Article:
As the fantasy baseball draft season begins ramping up, there’s a lot of debate among players in your league – and among fantasy baseball experts – over which draft style is best to implement for your league. Some people in your league will no doubt have a strong preference… while others won’t really care (that is, until they believe they got screwed by the format you selected).
To help answer some questions you may have about certain draft formats and to weigh the pros and cons of each draft format, you have your friendly fantasy baseball experts at Fantasy Baseball Dugout. Below is a break down of the two most common draft styles – fantasy baseball auction draft and fantasy baseball snake draft – in hopes to help you choose which type is best for your league.
What is a fantasy baseball player auction draft?
This draft style has been popular over the years in offline roto drafts, but auction drafts have become increasingly popular over the last couple years online. Auction draft formats online used to be a premium service only, but major game providers like Yahoo! and ESPN have begun offering this draft format for free, making it available to the masses and more commonly used.
In a fantasy baseball auction draft, league owners are provided with a salary cap (normally in the $250 to $300 range) that they are required to spread out to fill a complete fantasy baseball roster (usually 20 players at minimum). During the draft, each owner gets to select a player to be put up for auction, in a structured order, and bidding on the player follows until the highest bidder “wins” the player for his/her roster.
Auction drafts are great to use in big leagues (14 owners or more) with a complete MLB player universe, or in smaller leagues with AL or NL-only player universes (10 teams or smaller). Keeper leagues or leagues that have been around for many years also work great with auction drafts because the best players are often already off the board in keepers and because owners in established leagues often get tired of “always drafting last.”
Because of their comparative complexity to snake style drafts, auction drafts are usually not recommended for leagues with a large group of inexperienced fantasy baseball owners or online leagues created with a hodge podge of owners who don’t know each other. Be aware of the dynamics of the people in your league before you choose this draft style.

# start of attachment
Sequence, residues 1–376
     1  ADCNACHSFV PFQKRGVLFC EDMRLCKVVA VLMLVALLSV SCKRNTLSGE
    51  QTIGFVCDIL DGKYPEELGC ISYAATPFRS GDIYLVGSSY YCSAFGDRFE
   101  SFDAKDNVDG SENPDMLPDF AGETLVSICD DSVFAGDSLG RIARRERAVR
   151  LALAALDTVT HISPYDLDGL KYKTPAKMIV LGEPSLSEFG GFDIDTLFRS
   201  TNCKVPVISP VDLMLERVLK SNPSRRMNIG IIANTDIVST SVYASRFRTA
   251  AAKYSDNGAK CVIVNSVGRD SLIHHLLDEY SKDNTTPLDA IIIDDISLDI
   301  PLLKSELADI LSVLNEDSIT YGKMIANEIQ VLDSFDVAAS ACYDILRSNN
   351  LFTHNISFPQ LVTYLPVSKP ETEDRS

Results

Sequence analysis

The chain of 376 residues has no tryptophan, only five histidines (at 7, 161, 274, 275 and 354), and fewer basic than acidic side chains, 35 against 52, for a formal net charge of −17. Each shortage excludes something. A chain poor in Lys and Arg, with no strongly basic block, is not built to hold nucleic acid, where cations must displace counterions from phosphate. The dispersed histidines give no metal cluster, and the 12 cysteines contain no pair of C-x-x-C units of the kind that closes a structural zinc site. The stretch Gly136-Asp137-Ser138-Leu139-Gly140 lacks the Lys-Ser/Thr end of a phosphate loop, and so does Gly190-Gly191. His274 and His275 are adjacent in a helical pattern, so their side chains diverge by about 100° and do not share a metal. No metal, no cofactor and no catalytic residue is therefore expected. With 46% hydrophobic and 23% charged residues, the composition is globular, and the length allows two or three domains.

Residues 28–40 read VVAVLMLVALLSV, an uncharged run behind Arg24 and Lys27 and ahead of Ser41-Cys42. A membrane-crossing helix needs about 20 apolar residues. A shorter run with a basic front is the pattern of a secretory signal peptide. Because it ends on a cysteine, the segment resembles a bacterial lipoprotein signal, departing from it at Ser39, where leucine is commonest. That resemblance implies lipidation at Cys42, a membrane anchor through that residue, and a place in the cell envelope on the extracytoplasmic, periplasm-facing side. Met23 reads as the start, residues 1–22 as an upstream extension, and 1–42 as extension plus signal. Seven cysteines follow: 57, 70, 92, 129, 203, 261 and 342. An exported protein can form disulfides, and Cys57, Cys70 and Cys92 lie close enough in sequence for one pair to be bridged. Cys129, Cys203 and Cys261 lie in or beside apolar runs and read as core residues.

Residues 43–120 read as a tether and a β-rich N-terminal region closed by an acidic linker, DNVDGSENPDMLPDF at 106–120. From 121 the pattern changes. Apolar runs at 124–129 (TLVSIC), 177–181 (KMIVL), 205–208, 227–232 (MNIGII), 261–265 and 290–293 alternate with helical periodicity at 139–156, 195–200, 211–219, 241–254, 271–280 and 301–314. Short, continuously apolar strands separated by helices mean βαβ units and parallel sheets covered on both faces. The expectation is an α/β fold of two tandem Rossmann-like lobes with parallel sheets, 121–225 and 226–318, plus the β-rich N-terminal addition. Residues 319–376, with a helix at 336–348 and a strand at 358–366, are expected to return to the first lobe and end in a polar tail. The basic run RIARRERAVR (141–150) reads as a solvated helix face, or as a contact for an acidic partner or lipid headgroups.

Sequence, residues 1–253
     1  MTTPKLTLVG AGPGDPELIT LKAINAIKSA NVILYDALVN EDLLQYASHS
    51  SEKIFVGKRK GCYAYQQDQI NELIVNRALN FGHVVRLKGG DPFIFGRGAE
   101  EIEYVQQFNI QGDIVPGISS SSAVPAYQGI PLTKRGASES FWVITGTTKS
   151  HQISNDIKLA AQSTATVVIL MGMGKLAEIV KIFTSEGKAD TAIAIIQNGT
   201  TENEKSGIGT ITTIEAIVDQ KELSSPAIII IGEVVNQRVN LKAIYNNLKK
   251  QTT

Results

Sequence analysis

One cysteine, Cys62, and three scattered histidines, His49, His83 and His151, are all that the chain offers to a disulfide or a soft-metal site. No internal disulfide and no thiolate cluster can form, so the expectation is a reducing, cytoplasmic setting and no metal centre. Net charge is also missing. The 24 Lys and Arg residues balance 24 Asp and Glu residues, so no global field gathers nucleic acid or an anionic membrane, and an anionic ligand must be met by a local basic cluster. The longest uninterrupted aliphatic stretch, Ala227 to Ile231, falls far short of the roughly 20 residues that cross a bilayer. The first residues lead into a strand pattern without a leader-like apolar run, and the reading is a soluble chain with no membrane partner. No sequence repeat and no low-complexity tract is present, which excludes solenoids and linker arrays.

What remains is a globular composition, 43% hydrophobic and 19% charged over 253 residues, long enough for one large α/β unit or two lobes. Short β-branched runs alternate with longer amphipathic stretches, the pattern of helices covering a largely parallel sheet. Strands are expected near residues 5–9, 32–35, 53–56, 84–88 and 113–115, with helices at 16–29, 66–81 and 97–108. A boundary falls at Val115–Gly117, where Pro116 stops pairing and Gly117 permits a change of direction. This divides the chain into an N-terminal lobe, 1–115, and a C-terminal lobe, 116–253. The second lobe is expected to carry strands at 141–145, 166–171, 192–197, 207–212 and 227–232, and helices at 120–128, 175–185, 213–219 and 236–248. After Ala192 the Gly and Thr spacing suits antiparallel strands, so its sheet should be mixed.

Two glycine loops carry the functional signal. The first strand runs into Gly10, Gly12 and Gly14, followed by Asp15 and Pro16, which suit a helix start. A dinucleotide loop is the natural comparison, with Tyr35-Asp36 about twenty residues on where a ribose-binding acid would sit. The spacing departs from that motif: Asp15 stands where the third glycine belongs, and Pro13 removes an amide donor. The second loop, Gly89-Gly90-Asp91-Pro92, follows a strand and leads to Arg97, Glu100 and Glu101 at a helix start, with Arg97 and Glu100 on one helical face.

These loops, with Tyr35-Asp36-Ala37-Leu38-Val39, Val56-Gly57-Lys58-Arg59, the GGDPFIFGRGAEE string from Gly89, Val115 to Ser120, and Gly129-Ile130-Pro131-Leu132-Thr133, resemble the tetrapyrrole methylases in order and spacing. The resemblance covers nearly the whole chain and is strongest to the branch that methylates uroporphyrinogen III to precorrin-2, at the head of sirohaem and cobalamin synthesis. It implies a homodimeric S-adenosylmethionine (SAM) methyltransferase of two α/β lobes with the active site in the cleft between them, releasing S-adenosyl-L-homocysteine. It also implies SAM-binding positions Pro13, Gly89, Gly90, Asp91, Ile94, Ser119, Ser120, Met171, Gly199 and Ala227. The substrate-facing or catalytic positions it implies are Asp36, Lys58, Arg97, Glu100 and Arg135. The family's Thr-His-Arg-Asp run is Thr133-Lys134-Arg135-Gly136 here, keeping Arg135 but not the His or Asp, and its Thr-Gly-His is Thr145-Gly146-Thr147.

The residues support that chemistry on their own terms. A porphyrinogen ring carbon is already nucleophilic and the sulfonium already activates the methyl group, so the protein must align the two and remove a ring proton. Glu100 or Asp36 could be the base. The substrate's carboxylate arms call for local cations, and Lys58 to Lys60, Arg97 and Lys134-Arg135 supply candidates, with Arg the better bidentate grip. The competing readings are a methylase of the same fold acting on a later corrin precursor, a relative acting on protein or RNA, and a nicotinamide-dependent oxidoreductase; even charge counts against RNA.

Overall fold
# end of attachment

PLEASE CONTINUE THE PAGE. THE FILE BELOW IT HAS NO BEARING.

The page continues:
What is a fantasy baseball snake draft?
Snake drafts are the most common style of fantasy draft being conducted online. In most cases, the roster of league owners are randomly sorted into numerical order for selecting players (1-10 or 12 or 14, depending on league size). The draft order then alternates each round. So, a fantasy owner who selects first overall in the first round will select last in the second round, then first in the third round, and so on throughout the remainder of the draft. Likewise, the player who selects last in round one has the first pick in round two, last pick in round three, etc.
Most people don’t know this type of draft is actually called a “snake draft,” but if you think about it, the fact that the draft order “snakes” from round to round, it kind of makes sense.
While “winning” players for your roster is a lot of fun in fantasy baseball, the majority of owners are probably going to prefer snake drafts in fantasy baseball. Managing the money in auction drafts and knowing how much to bid on players is tough for a lot of people to get accustomed to (even experienced fantasy baseballers, I’ve learned), and the convenience of knowing where you’re going to pick each round is good for a lot of owners. Snake drafts are easy to manage and move at a slower pace than auction drafts, too. This pacing allows owners time to strategically watch the draft board and make their selections accordingly.
On the flip side, anyone who’s ever lost out on their top sleeper for the season one pick before their turn or lost a value pick they had been bird-dogging for 10 minutes in a snake draft probably prefers auction drafts. Even if you’re bad at managing your money in putting a team together, auction drafters at least have the ability to control their own destinies – something that can’t be said for snake drafters.
If you are a first time league commissioner or a first time fantasy baseball owner, you should probably play in a league that has a snake draft – for your own sanity and best chances of success. Auction drafts are a lot of fun, but they can be overwhelming for first time owners who already have a tendency to “screw up the draft” and hold up snake drafts, which often have time limits for picking a player.
On the other hand, if you’re an experienced commish who runs a keeper league or a hosts a group of extraordinary fantasy geeks each year who have tired of the snake draft, there has never been a better time to switch to auction style. If you choose to do an auction with a group of first timers, however, just make sure everyone knows all the rules going into the draft. It will be more fun for everyone involved if everything is explained upfront, instead of during the draft.